Coronado: Well, all the sound and music of Koral was bought on the UE4 Marketplace. These are the packs I used:
Sometimes people underestimate the quality of packs available on the Marketplace, especially when it comes to music and sound effects. They literally saved me so much work and money. Lots of players think the music was custom made for the game!
Koral features a unique gameplay premise with players taking control of a water current and using nothing more than a joystick to solve environmental puzzles. How did you come up with the gameplay concept?
Kait Paschall, who works at Epic Games in the localization department, greatly helped me to refine the gameplay idea. I wanted to make a game that was super accessible to everyone and it made a lot of sense to use just one joystick for all player interactions. It was super challenging for me to create interesting gameplay with just a single joystick, but it was also a great way to grow as a gameplay designer. Having to control two joysticks, like in FPS or third-person games, is tough for people who have never played a game, and I wanted Koral to reach a bigger audience, for instance, like my mum! She has never touched a videogame and she grabs the joystick as if it was a clothing pin, but she has completed Koral! That was more or less the main idea behind the gameplay concept.
With gameplay that is accessible to all, coupled with informational tidbits about the ocean scattered throughout the game, can you elaborate on how important it was for Koral to be educational?
Coronado: It was important, but it was not the main focus. Koral is not a game that wants to lecture you about the current state of the ocean. I wanted players to enjoy and connect more with the ocean while playing Koral, and as a secondary effort, present some cool facts about it. Some of those facts are sad, too, but well, like it or not, it’s the reality of the oceans right now.
Many people are saying that Koral is a very relaxing game to play. Did you intend the game to be somewhat therapeutic?
Coronado: I always tell people they should try diving because it is like going to the therapist, but cheaper! If Koral can make players feel the same way, then it makes me very happy.
What made Unreal Engine 4 a good fit for Koral?
Coronado: I didn’t even think about using other game engines. Unreal Engine 4 has been such a fantastic tool for all my previous games! Blueprints are a fantastic way to prototype gameplay fast and I was already familiar with all the workflows inside Unreal Engine 4. For example, all of the fish and animals in Koral are bought from the UE4 Marketplace (three packs in total). Instead of importing those packs straight to Koral, I always create a blank project and import them there, and then just migrate what I need to Koral to keep things as tidy as possible. Doing a migration of the sorts is so easy in UE4. And that’s just one small example! Do you have any favorite UE4 tools or features?
Coronado: I think the exponential height fog is the most important tool to achieve a nice mood and good lighting, even if your scene isn’t foggy. On the other hand, I am the biggest fan of the vertex paint tool. It’s such an underrated, but useful tool to hide repetition or to make amazing localized effects on materials!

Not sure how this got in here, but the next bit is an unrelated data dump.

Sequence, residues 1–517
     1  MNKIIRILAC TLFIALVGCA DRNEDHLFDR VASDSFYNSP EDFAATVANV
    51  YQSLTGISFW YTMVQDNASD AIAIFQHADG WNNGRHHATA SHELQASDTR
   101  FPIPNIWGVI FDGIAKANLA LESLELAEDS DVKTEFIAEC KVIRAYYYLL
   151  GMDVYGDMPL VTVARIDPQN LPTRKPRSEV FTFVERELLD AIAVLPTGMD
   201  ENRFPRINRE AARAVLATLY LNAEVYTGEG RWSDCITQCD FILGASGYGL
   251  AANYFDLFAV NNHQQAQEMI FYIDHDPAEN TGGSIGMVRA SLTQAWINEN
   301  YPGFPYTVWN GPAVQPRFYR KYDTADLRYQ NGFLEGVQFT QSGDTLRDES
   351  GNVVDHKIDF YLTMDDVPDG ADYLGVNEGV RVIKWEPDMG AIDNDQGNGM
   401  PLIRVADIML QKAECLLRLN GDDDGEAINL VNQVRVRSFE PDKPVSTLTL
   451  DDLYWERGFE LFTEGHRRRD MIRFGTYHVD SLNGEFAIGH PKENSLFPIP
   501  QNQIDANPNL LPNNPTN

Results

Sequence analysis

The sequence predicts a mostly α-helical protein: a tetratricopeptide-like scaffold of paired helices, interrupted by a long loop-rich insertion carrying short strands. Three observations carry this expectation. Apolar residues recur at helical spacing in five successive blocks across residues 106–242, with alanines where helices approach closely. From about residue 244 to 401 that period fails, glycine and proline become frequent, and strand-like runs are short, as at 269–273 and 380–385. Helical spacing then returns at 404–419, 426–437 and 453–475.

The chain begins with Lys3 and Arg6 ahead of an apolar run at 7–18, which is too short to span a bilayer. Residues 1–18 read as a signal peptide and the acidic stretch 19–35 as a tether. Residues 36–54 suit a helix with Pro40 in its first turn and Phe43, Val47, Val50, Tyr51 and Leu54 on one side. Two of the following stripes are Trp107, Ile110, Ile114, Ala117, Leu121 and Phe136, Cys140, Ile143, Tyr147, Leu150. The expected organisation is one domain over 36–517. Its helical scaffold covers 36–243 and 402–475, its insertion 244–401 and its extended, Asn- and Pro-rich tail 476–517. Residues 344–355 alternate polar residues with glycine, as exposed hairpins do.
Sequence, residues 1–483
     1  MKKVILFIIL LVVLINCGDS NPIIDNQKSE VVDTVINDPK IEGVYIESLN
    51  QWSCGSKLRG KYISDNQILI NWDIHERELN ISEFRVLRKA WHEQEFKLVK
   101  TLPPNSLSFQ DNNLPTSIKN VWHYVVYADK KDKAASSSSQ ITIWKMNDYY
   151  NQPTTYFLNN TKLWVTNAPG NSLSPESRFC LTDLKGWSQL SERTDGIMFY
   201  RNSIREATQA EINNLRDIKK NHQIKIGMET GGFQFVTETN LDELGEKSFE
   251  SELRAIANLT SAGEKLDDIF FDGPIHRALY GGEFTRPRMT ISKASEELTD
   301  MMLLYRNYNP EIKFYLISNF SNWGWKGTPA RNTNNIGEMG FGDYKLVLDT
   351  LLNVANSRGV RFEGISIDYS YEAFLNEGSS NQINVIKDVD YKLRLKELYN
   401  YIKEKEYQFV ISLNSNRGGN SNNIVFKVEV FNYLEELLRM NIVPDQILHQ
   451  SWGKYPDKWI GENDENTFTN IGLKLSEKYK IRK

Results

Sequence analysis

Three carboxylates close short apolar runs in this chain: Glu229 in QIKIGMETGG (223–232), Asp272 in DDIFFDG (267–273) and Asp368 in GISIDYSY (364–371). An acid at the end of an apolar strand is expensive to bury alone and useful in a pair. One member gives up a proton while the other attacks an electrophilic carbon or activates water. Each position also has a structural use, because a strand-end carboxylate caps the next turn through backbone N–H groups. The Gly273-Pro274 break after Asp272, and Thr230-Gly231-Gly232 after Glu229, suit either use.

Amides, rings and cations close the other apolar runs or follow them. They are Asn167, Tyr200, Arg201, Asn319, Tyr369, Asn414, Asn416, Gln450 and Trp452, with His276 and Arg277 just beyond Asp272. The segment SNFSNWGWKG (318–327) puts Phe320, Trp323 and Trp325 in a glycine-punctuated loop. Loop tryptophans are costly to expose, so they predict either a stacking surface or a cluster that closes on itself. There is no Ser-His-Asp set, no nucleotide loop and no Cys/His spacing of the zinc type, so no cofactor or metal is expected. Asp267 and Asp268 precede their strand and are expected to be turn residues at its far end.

The UE4 in-editor optimization are amazing, too. A big part of the development of Koral was done on a sailship with limited power. To avoid running out of battery too quickly, I used UE4 with certain features that made the engine run smoother in exchange for visual fidelity. Having the ability to turn off “real-time” rendering in the engine is huge and all the visual quality settings inside the editor helped a lot, too!
If you want to know more about how Koral was created in a sailship you can watch a 20 min documentary I put together here.
What drives you to be a one-person studio? Can you talk about the challenges and benefits of being a solo developer?
Coronado: It was a natural path for me. I like working alone with my cat at my studio. This doesn’t mean you have to put all the work on your shoulders - I sometimes hire freelance artist to make really specific assets I can’t make or buy from the UE4 Marketplace to save hours of work. You can’t be good at everything and that is the main challenge when you are a solo game developer. For example, I am extremely bad at making characters or animations. That is why you will see a complete lack of characters or animations in my games… for now....
Considering Koral received an Unreal Dev Grant, what did that mean to you?
Coronado: It meant a lot! I could invest a lot of that money to marketing and visibility, and that made Koral visible for a wider audience. I will always be grateful to Epic Games for awarding me a Dev Grant.
Do you have any tips for aspiring solo developers?
Coronado: Don’t try to make AAA games. Choose a simple idea and make it perfect. Big ideas are your worst enemy! Also, don’t be scared to buy Marketplace assets! Just try to avoid making your game look like Frankenstein!
Thanks for your time. Where can people learn more about Koral?
Coronado: Players and developers can learn more about Koral by following me on Twitter @CarlosGameDev.